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Know when to take a break

When you find that your emotional state is not conducive to interacting with people, step back and take care of yourself. Give yourself time to regroup, recover from whatever emotional turmoil or physical strain you are experiencing, and come back with a fresh outlook and a productive attitude.

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We are brought up to perform and deliver, to achieve and act responsibly. However, when your own resources are depleted (like it frequently happens during postpartum or at an emotionally- or physically-demanding job), you need to cut down on your obligations and allow yourself time to rest and resolve your inner conflicts.

It often happens that a mother is so focused on taking care of her children that she neglects her own needs for nutritious diet, restful sleep, and relaxation. An article on postnatal depletion I have recently read mentions a mother of five who was so extremely depleted that she had landed in a hospital with pneumonia, only to rip out her IV the next day to rush back to her family, ignoring her own need to recover.

This is an extreme example, but it happens all around us, with mothers juggling family and work responsibilities, with people pushing down their grief, anger, exhaustion, and pretending that nothing out of the ordinary is happening, while struggling to perform their work duties and fulfil their obligations to others. We are brought up not to show vulnerability, so instead these people often become abrupt and rude, or weepy and easily upset, teetering on the edge of tears, unable to control their emotions or stay civil in their responses. Needless to say, their productivity suffers, and if they work with people, their ability to feel compassion and be understanding melts away, leaving sharp edges that slash anyone who approaches. At the extreme, this can lead to causing pain or inflicting injury on self or other people.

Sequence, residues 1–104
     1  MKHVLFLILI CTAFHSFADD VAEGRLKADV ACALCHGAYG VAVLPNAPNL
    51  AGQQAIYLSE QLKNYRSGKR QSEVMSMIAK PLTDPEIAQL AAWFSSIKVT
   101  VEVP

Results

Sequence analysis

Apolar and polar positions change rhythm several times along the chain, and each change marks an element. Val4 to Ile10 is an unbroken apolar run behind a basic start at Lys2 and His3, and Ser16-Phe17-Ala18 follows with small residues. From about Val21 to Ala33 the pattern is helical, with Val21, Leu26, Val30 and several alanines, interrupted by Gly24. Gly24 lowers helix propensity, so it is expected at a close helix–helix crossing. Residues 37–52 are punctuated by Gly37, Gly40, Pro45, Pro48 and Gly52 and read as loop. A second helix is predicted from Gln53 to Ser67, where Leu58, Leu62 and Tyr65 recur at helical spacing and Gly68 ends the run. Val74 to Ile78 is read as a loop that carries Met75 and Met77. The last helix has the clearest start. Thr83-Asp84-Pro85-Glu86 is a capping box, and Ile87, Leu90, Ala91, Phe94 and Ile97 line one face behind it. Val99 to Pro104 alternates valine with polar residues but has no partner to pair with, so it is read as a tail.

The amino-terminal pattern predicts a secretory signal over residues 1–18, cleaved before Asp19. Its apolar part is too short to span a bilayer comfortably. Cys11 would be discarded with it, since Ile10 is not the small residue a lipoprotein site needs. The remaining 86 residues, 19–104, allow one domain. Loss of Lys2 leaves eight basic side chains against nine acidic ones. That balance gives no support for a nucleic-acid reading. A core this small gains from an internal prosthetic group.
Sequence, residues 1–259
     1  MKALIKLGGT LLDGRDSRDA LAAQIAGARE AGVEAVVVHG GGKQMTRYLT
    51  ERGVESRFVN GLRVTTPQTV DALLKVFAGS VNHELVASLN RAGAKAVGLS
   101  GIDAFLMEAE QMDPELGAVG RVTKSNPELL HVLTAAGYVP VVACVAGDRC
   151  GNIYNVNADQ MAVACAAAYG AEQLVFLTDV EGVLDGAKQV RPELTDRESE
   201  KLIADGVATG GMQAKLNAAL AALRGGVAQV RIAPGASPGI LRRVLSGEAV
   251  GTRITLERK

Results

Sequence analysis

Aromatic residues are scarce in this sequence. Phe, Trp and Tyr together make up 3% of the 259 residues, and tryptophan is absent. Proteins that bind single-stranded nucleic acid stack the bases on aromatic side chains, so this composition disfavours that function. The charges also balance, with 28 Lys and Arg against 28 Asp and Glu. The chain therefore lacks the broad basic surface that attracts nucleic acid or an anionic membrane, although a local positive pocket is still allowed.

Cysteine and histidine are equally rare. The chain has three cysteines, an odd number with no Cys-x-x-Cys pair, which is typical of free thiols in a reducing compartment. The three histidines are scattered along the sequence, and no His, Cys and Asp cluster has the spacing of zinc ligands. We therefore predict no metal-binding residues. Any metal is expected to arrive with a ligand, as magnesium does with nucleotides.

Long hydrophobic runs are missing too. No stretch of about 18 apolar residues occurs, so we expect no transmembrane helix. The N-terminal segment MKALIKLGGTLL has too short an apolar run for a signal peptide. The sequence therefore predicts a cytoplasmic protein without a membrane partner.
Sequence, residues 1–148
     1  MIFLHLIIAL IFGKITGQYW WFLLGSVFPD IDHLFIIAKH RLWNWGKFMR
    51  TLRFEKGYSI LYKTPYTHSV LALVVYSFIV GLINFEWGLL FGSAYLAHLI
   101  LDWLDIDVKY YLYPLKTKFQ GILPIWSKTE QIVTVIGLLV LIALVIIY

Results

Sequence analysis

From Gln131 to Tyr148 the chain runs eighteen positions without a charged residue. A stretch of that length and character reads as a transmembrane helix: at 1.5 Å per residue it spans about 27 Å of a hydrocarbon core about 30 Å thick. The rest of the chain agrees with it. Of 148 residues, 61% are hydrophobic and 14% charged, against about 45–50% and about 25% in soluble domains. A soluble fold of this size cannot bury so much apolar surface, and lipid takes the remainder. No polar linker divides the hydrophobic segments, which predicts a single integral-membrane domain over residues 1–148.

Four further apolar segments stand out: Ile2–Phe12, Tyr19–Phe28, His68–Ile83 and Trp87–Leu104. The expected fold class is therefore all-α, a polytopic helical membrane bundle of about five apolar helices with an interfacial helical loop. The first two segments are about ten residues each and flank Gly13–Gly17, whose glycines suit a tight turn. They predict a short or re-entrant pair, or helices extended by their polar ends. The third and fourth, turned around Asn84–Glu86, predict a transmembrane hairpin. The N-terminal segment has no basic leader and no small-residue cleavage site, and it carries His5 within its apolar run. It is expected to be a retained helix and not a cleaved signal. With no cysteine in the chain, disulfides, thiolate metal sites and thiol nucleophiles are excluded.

As a community, we need to support each other through these times, being mindful and understanding of how difficult it is to climb out of this depleted and highly emotional state. This is not the time to load the person with additional responsibilities or expect high performance. Reprimands are not helpful. Expressing understanding, alleviating the stress, sharing responsibility, and working on the solution together is a better way forward.

As an individual experiencing depletion, you need to put yourself first. Drastically reduce whatever responsibilities and work obligations you have, as much as possible. Take stress leave or vacation. Let the people around you know that you need time to regroup and recover. Gather around you all the support you can — family and friends who can bring you meals, watch your children, spend time with you if you like, or allow you the space and time to rest. Go away to a resort where you can connect with nature, reduce your pace, and spend time resting away from your everyday surroundings that carry with them the stress of obligations.

In earlier societies, there were rituals for various life situations. We kept a few, such as weddings and funerals, but have forgotten many other ceremonies, such as a Blessingway, that support people going through times of transition. The tradition of Mother’s Blessing is being resurrected in small birthing circles, but other transitions are rarely honoured. Consider holding a ceremony to support your loved ones through divorce, bereavement, coming to terms with a serious illness in the family, or with another challenging emotional transformation. Show them that they have people who care, who love and support them, who can help them navigate this tough time with compassion and understanding.